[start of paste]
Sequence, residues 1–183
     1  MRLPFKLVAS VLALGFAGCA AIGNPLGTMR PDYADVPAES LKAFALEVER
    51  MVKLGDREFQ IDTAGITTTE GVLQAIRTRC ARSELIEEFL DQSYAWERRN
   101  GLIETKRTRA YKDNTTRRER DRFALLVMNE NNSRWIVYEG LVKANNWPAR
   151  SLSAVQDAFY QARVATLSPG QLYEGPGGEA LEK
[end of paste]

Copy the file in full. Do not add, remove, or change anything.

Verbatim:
Sequence, residues 1–183
     1  MRLPFKLVAS VLALGFAGCA AIGNPLGTMR PDYADVPAES LKAFALEVER
    51  MVKLGDREFQ IDTAGITTTE GVLQAIRTRC ARSELIEEFL DQSYAWERRN
   101  GLIETKRTRA YKDNTTRRER DRFALLVMNE NNSRWIVYEG LVKANNWPAR
   151  SLSAVQDAFY QARVATLSPG QLYEGPGGEA LEK